The third element in the logistics process would be to identify a single public information officer who would work with the logistics officer, Web site database managers, responding organizations, state and federal agencies, and media to ensure that all outgoing information was accurate and timely. This person would ensure that all organizations involved in the effort received the same information and that credit was equally distributed among all responding organizations. It was recognized that the Federal Emergency Management Agency has a donations management workshop, but its relevance to animal needs during disasters needs to be evaluated.

It was acknowledged that the required prestaged equipment and supplies would vary depending on the types of disaster that could be expected to occur in each area. However, it was recommended that the following factors be considered in logistics preplanning for each area:

  • • A list should be developed of essential supplies that would be needed immediately following any disaster to shelter and house all types of animals likely to need assistance, including companion animals, livestock, exotic animals, and aquatic animals.

  • • Plans should be made to meet the health, medical (including mental health), and well-being (eg, food, water, housing, and waste management) needs of disaster workers and volunteers.

  • • Sites for supply staging areas should be identified, and plans should be made for their rapid use in time of need.

  • • To prevent unprepared volunteers from interfering with the disaster response, the credentials required for individuals working in each of the various disaster response areas should be developed and posted on the central Web site, along with information on training opportunities for those interested in obtaining required credentials.

  • • Skilled transport personnel and capabilities for moving people and materials involved in rescuing, sheltering, and treating animals affected by the disaster should be identified.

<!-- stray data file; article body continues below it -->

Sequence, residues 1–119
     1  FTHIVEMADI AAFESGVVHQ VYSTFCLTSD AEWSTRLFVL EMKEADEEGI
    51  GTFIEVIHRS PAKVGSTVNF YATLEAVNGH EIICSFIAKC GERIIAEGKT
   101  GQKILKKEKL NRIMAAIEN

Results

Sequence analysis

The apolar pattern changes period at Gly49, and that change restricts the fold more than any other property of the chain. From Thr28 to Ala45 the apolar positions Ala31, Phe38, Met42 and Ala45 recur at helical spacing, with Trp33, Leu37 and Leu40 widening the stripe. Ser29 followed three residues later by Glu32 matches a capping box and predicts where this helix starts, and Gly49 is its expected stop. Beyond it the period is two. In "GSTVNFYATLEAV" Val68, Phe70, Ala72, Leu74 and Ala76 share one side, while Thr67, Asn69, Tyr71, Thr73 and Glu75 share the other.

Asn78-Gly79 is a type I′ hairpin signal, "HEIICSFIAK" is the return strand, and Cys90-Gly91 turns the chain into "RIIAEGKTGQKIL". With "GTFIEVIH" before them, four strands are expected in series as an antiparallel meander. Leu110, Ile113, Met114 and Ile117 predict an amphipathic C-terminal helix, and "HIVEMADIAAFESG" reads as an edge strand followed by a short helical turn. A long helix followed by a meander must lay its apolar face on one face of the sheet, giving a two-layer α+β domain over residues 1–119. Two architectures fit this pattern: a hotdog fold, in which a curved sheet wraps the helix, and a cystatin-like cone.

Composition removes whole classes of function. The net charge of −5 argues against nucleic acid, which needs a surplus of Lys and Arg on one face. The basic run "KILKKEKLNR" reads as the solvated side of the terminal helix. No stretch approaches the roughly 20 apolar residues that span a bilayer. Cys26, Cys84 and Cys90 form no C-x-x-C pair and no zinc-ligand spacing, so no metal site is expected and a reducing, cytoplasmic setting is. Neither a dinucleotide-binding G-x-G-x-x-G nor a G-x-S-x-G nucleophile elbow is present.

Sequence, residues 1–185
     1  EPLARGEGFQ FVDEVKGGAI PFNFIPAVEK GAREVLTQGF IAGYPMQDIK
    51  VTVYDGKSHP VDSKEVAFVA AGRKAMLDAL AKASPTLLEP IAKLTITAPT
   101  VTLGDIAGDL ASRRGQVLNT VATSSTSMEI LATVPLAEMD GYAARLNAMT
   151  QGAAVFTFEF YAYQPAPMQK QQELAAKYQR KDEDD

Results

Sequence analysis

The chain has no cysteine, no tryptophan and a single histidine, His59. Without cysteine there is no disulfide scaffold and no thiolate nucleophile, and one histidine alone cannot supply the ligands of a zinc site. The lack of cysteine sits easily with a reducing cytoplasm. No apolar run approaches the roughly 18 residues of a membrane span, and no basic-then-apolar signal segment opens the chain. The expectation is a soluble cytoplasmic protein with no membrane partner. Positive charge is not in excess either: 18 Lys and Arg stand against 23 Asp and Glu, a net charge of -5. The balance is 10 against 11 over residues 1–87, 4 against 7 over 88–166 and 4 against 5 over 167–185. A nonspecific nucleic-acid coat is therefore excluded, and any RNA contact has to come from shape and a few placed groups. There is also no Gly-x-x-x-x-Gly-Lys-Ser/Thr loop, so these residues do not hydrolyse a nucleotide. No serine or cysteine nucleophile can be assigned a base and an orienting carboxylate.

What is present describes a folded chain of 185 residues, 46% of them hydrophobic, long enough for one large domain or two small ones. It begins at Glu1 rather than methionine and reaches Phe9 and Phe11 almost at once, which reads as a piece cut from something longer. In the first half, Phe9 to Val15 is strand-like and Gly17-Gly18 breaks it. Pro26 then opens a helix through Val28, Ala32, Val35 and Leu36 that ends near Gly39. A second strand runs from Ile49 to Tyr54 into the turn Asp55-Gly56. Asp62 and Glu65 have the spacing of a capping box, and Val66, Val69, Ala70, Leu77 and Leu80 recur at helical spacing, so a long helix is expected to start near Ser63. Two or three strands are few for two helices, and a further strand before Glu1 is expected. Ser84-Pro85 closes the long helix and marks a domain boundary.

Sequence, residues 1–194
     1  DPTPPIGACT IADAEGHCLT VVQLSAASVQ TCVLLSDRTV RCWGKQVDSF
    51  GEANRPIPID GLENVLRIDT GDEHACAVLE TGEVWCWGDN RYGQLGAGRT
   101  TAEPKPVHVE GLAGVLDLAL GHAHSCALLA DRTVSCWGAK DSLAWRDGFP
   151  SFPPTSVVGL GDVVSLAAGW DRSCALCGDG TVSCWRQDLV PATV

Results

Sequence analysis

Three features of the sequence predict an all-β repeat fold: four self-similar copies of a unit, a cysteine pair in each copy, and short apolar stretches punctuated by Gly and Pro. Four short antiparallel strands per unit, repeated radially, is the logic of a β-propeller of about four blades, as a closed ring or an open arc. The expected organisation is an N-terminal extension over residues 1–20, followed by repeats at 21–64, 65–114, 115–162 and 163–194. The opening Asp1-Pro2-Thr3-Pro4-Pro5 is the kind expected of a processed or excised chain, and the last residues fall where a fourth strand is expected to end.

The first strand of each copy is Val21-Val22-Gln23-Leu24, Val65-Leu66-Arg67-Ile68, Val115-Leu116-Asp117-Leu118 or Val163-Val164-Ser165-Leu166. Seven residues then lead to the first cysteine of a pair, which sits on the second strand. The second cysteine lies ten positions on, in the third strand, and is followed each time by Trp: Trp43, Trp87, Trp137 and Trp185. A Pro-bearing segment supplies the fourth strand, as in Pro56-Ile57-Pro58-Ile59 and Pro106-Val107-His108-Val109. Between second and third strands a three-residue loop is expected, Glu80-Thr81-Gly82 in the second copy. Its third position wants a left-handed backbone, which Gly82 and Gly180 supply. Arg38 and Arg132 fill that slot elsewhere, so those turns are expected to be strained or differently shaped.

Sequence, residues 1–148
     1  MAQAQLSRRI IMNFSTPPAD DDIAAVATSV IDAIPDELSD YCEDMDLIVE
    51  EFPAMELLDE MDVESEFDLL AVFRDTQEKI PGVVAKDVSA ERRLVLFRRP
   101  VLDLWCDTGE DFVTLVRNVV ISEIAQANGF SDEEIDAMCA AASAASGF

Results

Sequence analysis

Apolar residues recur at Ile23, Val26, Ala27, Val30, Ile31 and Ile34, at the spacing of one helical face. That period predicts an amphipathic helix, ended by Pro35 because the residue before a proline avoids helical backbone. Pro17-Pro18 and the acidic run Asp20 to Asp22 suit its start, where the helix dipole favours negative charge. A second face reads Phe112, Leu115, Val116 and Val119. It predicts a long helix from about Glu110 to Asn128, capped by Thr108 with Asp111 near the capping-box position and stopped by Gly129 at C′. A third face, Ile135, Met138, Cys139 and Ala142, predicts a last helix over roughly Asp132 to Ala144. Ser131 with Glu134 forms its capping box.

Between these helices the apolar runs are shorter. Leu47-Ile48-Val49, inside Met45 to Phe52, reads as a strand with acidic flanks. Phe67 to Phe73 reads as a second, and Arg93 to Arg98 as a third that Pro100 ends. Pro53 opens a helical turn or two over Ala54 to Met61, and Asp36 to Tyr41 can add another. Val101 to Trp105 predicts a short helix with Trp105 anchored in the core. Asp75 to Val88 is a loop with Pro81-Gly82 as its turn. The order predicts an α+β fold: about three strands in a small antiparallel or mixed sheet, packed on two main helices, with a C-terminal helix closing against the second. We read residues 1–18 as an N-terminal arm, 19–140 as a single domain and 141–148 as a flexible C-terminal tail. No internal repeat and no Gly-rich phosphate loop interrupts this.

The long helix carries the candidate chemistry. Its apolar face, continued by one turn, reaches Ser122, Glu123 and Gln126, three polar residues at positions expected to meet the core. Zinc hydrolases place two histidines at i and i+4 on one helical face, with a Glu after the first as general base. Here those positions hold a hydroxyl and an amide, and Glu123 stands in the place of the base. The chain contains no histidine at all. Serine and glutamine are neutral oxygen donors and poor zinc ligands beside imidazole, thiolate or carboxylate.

• • Plans should be made for providing the financial support needed for the disaster response, including maintaining, repairing, and demobilizing following the response, and governmental agencies and private foundations that could be potential sources of funding should be identified.

  • • Memorandums of understanding should be executed among the various entities that could be expected to respond during various worst-case scenarios.

Each person who would be expected to be mobilized during the initial response, either as an individual or as part of a group, should have sufficient equipment such that he or she would be self-supporting for a short period after mobilization because of the time delay that can be expected when activating any disaster plan. Suggestions for what should be included should be developed and posted on the central Web site.

Volunteer Management

Volunteers were identified by meeting participants as a blessing and a curse. It was obvious that it took a lot of people to help the animals affected by any disaster; however, it was also clear that some volunteers were there for personal or group glorification and were not willing to work within a system. Others were put into situations for which they were not qualified. To manage these types of situations in the future, it was suggested that some minimum level of training and credentialing be mandatory prior to involvement of any disaster responder. In particular, it was agreed that training in the basic functioning of the ICS-NIMS would help to address this need. It was also thought that the National Volunteer Organizations Active in Disasters could potentially play a coordinating role in training and credentialing. Appropriate training programs and requirements should be established for each of the functions that volunteers could be expected to fulfill, along with requirements for frequency of training. A credentialing program based on successful completion of required training programs should be developed, and volunteers would be admitted to the disaster response area only after presentation of their credentials. It was thought that the central Web site could serve as a clearinghouse for information about how to become credentialed as a volunteer and that related organization Web sites could link to this site. The central Web site could also serve as a source of information on how many and what type of volunteers are needed and at which locations during any particular disaster.